The past year and a half has seen an impressive new crop of high-design restaurants that demonstrate as much innovation and flair in their architecture and decor as they do in their cuisine. From a sushi mecca in Mexico City that’s wrapped in a laser-cut-steel pavilion to a Michelin-starred monochromatic tour de force at Paris’ Mandarin Oriental hotel to a healthful restaurant in Tokyo’s Ginza whose rustic-mod interiors pay homage to a remote Chinese village, Architectural Digest selected a dozen notable newcomers. All of these spots are, in very distinctive ways, elevating the experience of dining out—in some cases, way out.
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Twenty Five Lusk, San Francisco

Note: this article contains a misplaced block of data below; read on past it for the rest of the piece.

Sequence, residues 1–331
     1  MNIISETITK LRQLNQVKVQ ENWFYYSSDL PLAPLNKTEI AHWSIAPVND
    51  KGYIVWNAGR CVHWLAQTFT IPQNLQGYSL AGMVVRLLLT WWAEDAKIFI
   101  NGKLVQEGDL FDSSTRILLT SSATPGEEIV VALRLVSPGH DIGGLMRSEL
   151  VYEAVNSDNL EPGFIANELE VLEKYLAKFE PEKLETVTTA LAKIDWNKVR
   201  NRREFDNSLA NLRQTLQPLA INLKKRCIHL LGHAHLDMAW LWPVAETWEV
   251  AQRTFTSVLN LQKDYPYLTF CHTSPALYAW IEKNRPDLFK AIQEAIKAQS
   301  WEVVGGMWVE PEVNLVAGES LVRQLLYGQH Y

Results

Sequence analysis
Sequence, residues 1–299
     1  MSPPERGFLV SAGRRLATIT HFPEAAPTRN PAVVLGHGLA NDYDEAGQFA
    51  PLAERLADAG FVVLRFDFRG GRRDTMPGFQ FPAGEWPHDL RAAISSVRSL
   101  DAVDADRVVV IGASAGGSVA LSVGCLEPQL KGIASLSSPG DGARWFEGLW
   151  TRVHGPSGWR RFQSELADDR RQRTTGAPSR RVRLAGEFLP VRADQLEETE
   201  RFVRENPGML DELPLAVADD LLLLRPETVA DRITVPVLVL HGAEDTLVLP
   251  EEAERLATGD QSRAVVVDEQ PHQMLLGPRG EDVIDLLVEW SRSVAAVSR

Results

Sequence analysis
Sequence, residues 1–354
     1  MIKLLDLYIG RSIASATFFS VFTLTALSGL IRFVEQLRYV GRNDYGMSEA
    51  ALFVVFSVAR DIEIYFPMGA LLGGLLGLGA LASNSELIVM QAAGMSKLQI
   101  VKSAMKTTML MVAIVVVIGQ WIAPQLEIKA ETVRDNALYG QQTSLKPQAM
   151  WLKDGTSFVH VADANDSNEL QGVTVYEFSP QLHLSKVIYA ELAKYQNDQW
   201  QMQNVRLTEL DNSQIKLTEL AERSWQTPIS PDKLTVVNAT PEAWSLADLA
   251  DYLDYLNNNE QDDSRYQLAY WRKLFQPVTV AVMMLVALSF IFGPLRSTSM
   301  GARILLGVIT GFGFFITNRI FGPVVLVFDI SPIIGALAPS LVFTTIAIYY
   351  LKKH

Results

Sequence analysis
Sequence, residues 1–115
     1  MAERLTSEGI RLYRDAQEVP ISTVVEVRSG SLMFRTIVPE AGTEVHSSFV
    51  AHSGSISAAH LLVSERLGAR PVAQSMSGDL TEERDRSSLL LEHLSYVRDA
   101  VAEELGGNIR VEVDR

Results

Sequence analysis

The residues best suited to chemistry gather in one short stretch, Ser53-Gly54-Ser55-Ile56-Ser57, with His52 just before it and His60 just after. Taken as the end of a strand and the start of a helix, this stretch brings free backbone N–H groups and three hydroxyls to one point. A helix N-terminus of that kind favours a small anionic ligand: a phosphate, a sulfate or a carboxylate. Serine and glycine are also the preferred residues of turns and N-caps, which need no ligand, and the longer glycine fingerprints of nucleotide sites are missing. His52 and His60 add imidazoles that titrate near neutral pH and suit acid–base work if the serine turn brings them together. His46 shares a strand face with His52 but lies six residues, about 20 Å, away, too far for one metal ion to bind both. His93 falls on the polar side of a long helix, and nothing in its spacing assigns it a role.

The Look: Located in a 1917 smokehouse in the city’s South of Market district, this expansive two-story spot was designed by local architect Cass Calder Smith. Retaining the original structure’s timber beams and exposed brick walls, Smith introduced contemporary elements such as oblong-shaped, stainless-steel “fire orbs” that are suspended from the 20-foot ceilings and sleek, cantilevered Macassar ebony tables.
The Food: Chef Matthew Dolan’s New American menus exploit Bay Area bounty in dishes like grilled Louisiana prawns with Japanese-pepper grits and yellowtail sashimi with salmon caviar and horseradish sorbet.
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